Rosacea is a disorder that affects the skin causing small red acne-like bumps to appear on the face of its sufferer. Usually, it is a condition that is known to affect adults of about the age range of 30—50; it is known from its status as incurable, and characterized by reddened cheek and noses. Rosacea could stretch its arms of infestation beyond the face and extend to the neck, chest, and even the ears. The redness that is associated with the disorder sometimes become so intense that it develops into a condition known as rhinophyma; at this point the vessels carrying blood within the face begin to get abnormal exposure and the facial tissues begin to coagulate, often resulting in large nose and thick skins. In the absence of adequate care, the condition can further degenerates into formation of pimples and pus-containing bumps on the face. In certain situations, Rosacea leads to the irritation of the eyes thereby causing the eye to bear an appearance of being water-laddered and blood-streaked.
Rosacea has no respect for persons, a wide scope of the population is susceptible to the disorder; in fact the former US president Bill Clinton, the princess of Wales, Diana, as well as the comic film star W.C. Fields had been victims of the life-threatening disorder. However, the condition has been noticed to affect people who are light in complexion and blush with ease (Well, we would find out how correct we are about this). While the condition is more prevalent amongst women, than men, it can get very severe and this is possibly because they do not seek healthcare fast enough.
As it currently stands, there are no known cures for Rosacea, however there are control therapies and preventive techniques that can be employed to monitor and manage the problem at home like Rosacea free forever. It is recommended that individuals that have any suspicion about Rosacea should consult medical attention quickly for the necessary care.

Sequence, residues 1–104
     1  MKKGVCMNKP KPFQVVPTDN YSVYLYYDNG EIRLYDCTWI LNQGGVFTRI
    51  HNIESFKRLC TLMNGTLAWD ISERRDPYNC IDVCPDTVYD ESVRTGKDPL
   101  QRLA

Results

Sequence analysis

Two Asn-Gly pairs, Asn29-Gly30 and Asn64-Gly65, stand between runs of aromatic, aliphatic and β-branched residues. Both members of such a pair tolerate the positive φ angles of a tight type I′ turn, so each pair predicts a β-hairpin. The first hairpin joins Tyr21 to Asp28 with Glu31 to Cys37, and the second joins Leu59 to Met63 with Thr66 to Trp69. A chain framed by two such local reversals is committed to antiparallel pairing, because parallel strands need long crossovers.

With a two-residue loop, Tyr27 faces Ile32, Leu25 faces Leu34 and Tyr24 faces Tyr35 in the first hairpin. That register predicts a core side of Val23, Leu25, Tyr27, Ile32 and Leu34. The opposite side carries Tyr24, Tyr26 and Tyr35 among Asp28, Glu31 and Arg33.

Signs and Symptoms that point to the disorder
While Rosacea can be exhibited in diverse symptoms, the disorder is characterized by some primary signals that are suggestive of its presence. Experts in the field of medicine have put together a number of signs that often develop when Rosacea infests an individual and thus should be watched out for when conducting a diagnosis of Rosacea. The signs are classified in two categories:
Fundamental Indicators of Rosacea
- Flushing—Usually Rosacea is associated with flushing, in fact flushing and reddened face is so indicative of Rosacea. So those who are known to blush are more susceptible to the disorder.
- Permanent sort of Facial Redness—This is one particular signal of Rosacea. Blushes fade away with time, but this sort of redness persists and is retained in the face even after a long while.
- Acne—The condition often comes with small bumps and zits that carry pus in them. Usually these result when treatments were not administered at the early stages of the disorder.
- Appearance of Veins and Arteries—The vessels begin to appear on the skin when people get the disorder.
Secondary Indicators of Rosacea
- Ocular Rosacea—This is a condition whereby the eye gets irritated and look as though there is water hanging on it; sometimes you get to observe streaks of blood in the eyes as well. It is sometimes characterized with sties, and more often than not, the eyelids gets inflamed and reddened. If the victim fails to receive professional treatment, their cornea could become faulty and consequently they could ultimately suffer from complete blindness.
- Facial Discomfort—Rosacea is often accompanied by some sudden itchy feeling on the face of the victims, and this sensation can be a huge source of inconvenience.